An Update on OpenHydro

The Federal Court has issued another decision resulting from the bankruptcy of OpenHydro – once a major player in Nova Scotia’s instream tidal industry.

The decision dealt with a motion by one of OpenHydro's creditors, RMI, to sell a vessel owned by OpenHydro (the Scotia Tide), which has been arrested by RMI. OpenHydro’s lawyers argued that the motion should be dismissed, and the vessel released from arrest, because OpenHydro had commenced proceedings under the Companies’ Creditors Arrangement Act, RSC 1985, c C-36 in which a stay of proceedings had been issued by the Nova Scotia Supreme Court. Accordingly, at issue was whether the Federal Court should respect the stay issued by the Nova Scotia Supreme Court. 

The parties relied on the decisions of the Supreme Court of Canada in Holt Cargo Systems Inc. v ABC Containerline N.V. (Trustees of), 2001 SCC 90  and Antwerp Bulkcarriers, N.V. (Re), 2001 SCC 91. Each of those cases arose in similar circumstances involving in rem proceedings in the Federal Court. The rules of law following from those cases was summarized by the Court in the OpenHydro case as follows: 

The Federal Court’s maritime jurisdiction, once properly engaged by the commencement of the in rem action and the arrest of the ship, was not lost as a result of the subsequent bankruptcy of the shipowner. The Supreme Court also explained (at paragraphs 37 and 45 to 47) that the bankruptcy court had no power to deal with the vessel, which had already been captured by a competent order of the Federal Court, and further concluded (at paragraphs 48 to 53) that the bankruptcy court’s issuance of what amounted to an anti-suit injunction improperly attempted to restrict the Federal Court’s ability to exercise its jurisdiction. The Supreme Court noted in conclusion (at paragraphs 54 to 55) that it was open to the Federal Court judge to enter a stay if he considered it appropriate to do so.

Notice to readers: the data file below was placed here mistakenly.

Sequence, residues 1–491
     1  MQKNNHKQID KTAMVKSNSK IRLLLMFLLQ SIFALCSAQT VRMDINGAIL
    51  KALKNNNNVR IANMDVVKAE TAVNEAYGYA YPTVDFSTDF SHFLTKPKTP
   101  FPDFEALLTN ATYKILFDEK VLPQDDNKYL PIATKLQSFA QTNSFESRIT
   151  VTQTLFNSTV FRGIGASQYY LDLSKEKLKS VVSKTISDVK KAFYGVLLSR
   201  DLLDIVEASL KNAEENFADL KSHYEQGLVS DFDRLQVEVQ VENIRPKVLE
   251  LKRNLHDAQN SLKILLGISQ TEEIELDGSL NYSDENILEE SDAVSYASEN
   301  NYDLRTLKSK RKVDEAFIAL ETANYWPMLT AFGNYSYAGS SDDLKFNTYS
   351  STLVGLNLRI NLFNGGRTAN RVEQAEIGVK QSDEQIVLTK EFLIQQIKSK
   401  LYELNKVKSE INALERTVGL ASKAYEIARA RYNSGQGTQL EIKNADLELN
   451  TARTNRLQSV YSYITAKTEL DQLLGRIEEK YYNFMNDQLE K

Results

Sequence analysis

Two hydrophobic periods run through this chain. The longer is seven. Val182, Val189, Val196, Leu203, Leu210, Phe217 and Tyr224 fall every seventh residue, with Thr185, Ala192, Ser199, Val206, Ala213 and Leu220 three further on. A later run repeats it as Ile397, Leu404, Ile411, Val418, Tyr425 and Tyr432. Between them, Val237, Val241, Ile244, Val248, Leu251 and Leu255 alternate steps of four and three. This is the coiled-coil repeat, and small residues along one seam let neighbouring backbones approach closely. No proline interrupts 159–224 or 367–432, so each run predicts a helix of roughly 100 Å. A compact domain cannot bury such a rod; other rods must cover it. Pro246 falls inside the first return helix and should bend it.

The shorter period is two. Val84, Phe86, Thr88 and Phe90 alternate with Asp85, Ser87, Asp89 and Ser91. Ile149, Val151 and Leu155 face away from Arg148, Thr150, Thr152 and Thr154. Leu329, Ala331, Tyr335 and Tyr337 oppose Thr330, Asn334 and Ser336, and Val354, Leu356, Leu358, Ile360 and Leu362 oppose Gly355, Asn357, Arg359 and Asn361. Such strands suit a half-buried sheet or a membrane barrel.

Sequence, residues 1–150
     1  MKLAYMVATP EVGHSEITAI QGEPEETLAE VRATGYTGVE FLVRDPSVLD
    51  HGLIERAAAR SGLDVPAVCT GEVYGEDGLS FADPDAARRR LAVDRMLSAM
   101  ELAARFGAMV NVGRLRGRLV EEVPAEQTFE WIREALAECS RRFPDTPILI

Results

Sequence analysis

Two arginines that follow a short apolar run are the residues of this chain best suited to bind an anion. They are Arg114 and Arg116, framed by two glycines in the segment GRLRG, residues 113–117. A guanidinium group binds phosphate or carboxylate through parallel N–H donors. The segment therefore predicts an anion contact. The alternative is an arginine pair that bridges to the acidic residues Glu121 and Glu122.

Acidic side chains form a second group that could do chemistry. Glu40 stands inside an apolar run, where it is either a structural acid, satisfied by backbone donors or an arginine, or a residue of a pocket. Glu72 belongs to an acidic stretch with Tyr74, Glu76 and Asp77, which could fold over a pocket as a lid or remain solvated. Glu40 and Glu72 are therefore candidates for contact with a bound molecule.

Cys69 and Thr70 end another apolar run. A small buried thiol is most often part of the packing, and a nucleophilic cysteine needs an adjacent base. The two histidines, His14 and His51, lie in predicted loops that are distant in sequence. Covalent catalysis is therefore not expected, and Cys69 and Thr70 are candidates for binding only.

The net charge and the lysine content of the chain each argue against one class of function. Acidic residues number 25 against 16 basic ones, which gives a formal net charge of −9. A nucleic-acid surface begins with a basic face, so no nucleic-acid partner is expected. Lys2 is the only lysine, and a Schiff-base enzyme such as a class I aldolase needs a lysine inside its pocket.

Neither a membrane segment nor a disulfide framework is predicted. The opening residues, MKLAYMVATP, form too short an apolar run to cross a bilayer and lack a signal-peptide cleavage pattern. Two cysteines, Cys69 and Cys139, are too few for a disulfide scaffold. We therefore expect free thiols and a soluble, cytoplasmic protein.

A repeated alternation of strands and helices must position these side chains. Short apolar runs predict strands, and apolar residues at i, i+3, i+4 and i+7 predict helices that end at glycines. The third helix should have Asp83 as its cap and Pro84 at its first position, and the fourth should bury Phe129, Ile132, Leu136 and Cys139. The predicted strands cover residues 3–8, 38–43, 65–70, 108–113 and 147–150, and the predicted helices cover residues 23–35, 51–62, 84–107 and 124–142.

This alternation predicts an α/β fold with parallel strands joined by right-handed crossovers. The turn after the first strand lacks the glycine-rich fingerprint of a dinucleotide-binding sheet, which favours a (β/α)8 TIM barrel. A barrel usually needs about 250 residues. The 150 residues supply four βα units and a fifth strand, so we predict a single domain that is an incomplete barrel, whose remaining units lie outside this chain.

In this case, the Court concluded that despite the outcomes in Holt and Antwerp decisions, it was appropriate for the Federal Court to exercise its discretion to enter a stay of proceedings and defer to the Supreme Court of Nova Scotia. The Court reached this decision because it was not satisfied that RMI would be treated unfairly or would lose any juridical advantage if the Federal Court proceedings were stayed in favour of those in Nova Scotia:

[71]  I note that RMI does not argue that the substantive law, which would be applied by the NSSC if it were adjudicating the claims and priorities of the maritime creditors, would differ from that which would be applied by the Federal Court. DP World does take such a position, but it is not able to identify any supporting authority. In my view, this point represents a factor which significantly distinguishes this case from the circumstances in Holt. As previously noted, the plaintiff in Holt had the benefit of a maritime lien for the supply necessaries under US law, which lien was available to it under the Canadian conflict of laws principles applied by the Federal Court, but it would have been deprived of that lien if its claim were adjudicated by the Belgian bankruptcy court. The parties have not identified any basis for a similar concern in the present case.

The Federal Court was also influenced by the fact that the bankruptcy proceedings in this case were ongoing in another Canadian court, not a foreign one:

[39]  One obvious factual difference is that the bankruptcy in the present case, at least insofar as it relates to OHTC, arises in a domestic context, not an international one.

In summary, Canadian courts are inclined to cooperate with one another. Although the Federal Court refused to issue stays in the Holt and Antwerp decisions, those cases arose in the context of international bankruptcies. Where the bankruptcy court is Canadian, litigants can expect the Federal Court to be more comfortable in deferring to that court.


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